4. Energize naturally. You need a certain amount of psychic energy to reach a state of optimal attention. We all have our little natural energy chargers. Overused, stimulants like caffeine and some energy drinks aren't the greatest because you run the risk of being left more exhausted when their effects wear off. Other natural energizers work better-things like exercise, music, visuals and visualizations of favorite places-energizing (even emotional) scenes-and fragrances. Try combining some of these into "one activity." This will amplify the overall stimulating influence of these and give you the greatest energy boost, without the side effects. Want even more of a boost, calm yourself down first (not for too long, say 5 minutes), then activate your natural energy booster(s). This will ramp up the energizing effects even more.
  5. Spend some quiet time each day. Know yourself. Try to see your goals clearly and honestly. Meditate, even for just 10 or 20 minutes. Synchronizing your own goals with who you are will help you pay more attention to what really matters-to you-and coordinate what happens to you daily, internally and externally, in a meaningful, satisfying, more exhilarating way.
  6. Rest and eat nutritiously. You need to replenish your mind and body daily-and this takes a lot of energy.
  7. Use visualization and reflection. There are 2 keys to making repetition work for you. (1) The first involves what you are seeing in your mind. Try to see what actual behaviors are activating that match your goals and which do not. Keep those that work and create new ones to replace those that don't. (2) Then visualize the scenario often-over and over. You are in a sense creating a new "habit," so this takes some time and repetition. Try using music you enjoy right before you do your visualization. Remember repetition will help ingrain the memory and then trigger the behavior when you need or want it in real life.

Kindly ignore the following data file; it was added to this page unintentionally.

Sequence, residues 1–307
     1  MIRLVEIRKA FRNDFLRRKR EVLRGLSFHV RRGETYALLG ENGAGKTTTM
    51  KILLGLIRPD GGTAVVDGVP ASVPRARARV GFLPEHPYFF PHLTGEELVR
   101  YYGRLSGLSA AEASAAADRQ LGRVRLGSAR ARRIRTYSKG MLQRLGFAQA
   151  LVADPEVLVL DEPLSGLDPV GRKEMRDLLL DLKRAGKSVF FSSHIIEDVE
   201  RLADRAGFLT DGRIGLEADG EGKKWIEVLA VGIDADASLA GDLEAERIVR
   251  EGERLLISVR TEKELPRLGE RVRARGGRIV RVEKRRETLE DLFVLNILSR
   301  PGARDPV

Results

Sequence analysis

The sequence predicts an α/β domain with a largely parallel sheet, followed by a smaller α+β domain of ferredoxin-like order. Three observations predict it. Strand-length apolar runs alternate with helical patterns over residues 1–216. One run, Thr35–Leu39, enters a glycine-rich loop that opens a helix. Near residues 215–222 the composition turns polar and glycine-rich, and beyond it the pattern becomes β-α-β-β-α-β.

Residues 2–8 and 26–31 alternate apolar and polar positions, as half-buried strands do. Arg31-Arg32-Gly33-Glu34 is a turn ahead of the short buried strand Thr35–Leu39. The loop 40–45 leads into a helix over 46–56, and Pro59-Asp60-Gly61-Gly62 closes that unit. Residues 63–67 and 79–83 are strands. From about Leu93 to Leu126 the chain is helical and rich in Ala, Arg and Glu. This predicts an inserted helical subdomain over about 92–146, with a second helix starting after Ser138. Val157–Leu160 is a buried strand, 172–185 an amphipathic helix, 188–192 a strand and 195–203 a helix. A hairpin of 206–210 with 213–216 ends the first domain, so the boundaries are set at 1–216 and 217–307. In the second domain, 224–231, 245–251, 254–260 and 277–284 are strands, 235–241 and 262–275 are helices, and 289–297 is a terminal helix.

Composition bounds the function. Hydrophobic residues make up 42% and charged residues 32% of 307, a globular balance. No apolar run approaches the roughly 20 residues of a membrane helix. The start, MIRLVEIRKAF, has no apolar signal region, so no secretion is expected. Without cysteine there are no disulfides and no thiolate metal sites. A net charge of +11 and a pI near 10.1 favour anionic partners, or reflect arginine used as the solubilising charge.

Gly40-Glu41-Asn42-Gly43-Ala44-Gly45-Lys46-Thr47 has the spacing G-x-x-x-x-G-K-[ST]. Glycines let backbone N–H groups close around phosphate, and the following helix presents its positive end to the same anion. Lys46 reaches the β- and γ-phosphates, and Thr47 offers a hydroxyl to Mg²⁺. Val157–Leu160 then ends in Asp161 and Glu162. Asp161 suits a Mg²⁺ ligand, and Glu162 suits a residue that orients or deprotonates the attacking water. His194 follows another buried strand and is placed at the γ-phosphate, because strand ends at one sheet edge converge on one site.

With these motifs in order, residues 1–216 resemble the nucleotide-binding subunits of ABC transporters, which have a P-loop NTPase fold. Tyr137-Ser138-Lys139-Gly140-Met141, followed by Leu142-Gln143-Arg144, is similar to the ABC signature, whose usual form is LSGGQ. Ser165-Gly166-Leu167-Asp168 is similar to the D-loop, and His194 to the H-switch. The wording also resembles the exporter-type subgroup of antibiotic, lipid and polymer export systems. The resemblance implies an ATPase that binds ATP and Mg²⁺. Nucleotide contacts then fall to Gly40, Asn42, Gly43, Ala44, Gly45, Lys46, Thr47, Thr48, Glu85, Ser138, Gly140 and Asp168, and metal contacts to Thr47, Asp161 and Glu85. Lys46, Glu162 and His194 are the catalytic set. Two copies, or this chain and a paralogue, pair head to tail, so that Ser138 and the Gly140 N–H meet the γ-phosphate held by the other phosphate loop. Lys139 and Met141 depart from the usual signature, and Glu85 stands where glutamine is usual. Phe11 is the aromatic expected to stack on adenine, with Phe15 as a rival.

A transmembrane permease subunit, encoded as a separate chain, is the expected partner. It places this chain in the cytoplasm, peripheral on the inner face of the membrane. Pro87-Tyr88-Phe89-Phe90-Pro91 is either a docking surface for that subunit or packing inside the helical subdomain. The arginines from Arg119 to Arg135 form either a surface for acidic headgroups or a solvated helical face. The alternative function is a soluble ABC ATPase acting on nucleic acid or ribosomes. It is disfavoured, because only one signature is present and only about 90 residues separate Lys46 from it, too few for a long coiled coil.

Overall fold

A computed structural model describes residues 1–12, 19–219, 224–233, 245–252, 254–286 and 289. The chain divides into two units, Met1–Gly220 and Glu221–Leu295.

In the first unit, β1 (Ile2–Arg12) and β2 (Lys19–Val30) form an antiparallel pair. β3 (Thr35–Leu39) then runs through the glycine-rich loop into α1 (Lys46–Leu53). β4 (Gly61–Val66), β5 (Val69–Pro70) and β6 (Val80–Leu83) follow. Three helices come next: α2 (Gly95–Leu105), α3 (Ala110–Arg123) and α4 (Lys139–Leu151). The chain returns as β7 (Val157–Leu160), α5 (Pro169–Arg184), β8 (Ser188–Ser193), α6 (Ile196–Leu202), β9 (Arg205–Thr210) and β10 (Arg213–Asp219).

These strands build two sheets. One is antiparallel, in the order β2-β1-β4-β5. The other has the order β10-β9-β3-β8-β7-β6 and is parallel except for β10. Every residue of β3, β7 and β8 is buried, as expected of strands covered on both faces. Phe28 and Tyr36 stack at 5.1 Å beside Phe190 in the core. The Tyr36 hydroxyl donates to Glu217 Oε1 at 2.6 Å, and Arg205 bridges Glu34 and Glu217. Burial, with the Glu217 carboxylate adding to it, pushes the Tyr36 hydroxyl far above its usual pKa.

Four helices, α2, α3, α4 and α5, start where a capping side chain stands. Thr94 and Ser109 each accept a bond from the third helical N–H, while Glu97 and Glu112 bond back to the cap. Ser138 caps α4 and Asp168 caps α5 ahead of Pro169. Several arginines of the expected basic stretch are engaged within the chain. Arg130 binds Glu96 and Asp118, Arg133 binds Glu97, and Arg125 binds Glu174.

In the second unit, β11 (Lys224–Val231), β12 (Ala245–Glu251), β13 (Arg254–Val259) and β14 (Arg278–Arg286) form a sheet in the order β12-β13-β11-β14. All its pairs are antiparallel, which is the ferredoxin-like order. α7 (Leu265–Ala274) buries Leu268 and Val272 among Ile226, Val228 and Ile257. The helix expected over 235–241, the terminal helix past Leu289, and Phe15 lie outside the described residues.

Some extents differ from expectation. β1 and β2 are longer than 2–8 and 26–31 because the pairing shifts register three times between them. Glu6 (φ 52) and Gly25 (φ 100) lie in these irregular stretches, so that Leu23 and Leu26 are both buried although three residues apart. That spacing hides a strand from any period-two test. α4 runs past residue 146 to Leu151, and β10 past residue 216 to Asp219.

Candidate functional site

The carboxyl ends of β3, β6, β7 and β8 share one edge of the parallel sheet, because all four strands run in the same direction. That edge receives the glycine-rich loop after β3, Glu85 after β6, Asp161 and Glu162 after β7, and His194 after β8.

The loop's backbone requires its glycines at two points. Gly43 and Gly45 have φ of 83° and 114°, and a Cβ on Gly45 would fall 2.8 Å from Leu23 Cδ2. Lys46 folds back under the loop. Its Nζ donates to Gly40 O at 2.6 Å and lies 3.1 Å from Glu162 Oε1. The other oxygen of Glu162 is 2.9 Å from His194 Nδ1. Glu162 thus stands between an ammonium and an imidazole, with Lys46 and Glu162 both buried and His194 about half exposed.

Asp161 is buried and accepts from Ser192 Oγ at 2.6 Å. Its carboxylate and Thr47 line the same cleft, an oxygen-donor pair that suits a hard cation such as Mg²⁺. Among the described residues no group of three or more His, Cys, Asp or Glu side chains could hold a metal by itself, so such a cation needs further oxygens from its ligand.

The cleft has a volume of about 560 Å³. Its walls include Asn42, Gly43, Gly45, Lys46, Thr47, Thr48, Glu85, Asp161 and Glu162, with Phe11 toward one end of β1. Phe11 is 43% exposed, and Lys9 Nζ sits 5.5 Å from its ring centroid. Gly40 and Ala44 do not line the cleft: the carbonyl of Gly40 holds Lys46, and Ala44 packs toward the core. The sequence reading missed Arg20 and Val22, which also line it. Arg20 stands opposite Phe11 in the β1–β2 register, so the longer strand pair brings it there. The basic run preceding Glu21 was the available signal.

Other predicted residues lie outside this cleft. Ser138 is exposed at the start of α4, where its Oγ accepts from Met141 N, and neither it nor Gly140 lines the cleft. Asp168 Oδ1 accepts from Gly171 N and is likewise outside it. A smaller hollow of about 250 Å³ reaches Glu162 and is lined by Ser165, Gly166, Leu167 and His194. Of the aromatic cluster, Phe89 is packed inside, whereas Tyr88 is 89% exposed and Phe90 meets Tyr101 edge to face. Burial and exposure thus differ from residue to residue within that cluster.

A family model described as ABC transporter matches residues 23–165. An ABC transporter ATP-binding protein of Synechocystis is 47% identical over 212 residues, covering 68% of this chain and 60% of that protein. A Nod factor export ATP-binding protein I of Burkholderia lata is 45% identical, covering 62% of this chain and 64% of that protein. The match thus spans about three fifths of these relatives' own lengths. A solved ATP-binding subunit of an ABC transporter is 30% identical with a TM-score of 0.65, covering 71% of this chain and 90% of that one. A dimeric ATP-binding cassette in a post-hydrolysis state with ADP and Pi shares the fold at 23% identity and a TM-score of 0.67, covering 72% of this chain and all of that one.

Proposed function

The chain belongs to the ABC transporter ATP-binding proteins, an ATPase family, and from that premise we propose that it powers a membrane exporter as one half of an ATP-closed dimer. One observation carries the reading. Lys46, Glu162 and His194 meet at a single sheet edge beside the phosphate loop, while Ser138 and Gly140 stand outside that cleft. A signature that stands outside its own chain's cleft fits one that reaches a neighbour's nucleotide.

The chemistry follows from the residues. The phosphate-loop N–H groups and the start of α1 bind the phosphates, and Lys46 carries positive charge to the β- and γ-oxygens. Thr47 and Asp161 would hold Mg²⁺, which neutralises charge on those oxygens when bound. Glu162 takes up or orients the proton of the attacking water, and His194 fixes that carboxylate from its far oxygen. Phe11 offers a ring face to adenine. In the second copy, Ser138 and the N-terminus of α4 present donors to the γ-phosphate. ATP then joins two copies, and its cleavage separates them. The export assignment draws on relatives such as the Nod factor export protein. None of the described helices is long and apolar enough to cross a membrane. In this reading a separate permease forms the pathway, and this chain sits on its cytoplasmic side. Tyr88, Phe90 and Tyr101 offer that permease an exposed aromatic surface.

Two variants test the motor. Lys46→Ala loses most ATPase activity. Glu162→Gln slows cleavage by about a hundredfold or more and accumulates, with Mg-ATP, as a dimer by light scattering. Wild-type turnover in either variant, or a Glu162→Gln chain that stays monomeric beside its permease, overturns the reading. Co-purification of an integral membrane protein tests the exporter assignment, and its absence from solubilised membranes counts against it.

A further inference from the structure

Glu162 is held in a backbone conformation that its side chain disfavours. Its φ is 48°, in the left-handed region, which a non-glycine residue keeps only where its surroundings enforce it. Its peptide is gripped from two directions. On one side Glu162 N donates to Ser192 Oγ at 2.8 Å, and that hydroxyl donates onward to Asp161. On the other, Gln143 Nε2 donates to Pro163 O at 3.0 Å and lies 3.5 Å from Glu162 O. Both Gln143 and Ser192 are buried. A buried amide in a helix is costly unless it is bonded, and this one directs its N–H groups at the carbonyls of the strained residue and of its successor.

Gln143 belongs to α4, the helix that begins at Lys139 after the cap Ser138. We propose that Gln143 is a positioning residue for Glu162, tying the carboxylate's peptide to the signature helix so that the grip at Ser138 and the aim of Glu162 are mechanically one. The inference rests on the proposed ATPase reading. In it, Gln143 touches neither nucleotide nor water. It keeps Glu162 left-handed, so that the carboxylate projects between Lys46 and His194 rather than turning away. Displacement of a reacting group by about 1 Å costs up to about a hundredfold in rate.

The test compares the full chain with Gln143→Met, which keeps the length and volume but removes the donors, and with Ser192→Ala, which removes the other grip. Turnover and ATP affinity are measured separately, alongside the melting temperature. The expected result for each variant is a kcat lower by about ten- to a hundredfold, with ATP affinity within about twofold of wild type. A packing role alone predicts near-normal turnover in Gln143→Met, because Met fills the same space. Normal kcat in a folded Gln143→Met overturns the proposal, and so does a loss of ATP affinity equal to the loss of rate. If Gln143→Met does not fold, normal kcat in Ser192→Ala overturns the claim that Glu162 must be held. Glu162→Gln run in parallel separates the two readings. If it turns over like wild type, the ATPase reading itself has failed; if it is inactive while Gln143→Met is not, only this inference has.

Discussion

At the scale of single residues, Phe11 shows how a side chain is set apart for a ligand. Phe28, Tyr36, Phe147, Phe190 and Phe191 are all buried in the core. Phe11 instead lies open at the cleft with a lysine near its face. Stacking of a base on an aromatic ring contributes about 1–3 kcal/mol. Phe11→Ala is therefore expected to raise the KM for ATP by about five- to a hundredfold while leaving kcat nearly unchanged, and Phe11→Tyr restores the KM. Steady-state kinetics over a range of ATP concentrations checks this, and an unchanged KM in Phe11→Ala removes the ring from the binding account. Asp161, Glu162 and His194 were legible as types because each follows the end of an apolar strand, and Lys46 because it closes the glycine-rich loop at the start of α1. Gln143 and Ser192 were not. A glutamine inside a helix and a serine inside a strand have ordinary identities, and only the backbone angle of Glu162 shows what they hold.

Attention Don'ts

  1. Don't be on automatic pilot all day. Try to be mindful of goals as they arise in various situations. There is an old Zen saying: Keep one eye on the destination and the other eye on the way.
  2. Don't use too much caffeine or alcohol.
  3. Don't assume your negative emotions have no use-see my blog, Bad Moods Can Be Good for You for some ideas on how to use the energies of these emotions.
  4. Don't assume feeling "pumped up" is always best for decision making.
  5. Don't think that if you see it in your mind once it will necessarily happen.
  6. Don't have too tight a focus. Keep your mind flexible-ready to change with change.
  7. Don't assume all distraction is bad; you may miss something important.

Remember good attention is controlled attention guided by good choices. Repetition is the hallmark of any good training program. So start now. Train your brain like you would the rest of your body. This will turn your attention skills into good habits, free up brain space, dissolve worries, and give you more positive energy to stay focused on what's important to you. So train, train, train.

Image: Mike Dakinewavamon Kline.bmp

For a scientific adventure into the world of human attention see my newest book, Can I Have Your Attention? How to Think Fast, Find Your Focus, and Sharpen Your Concentration.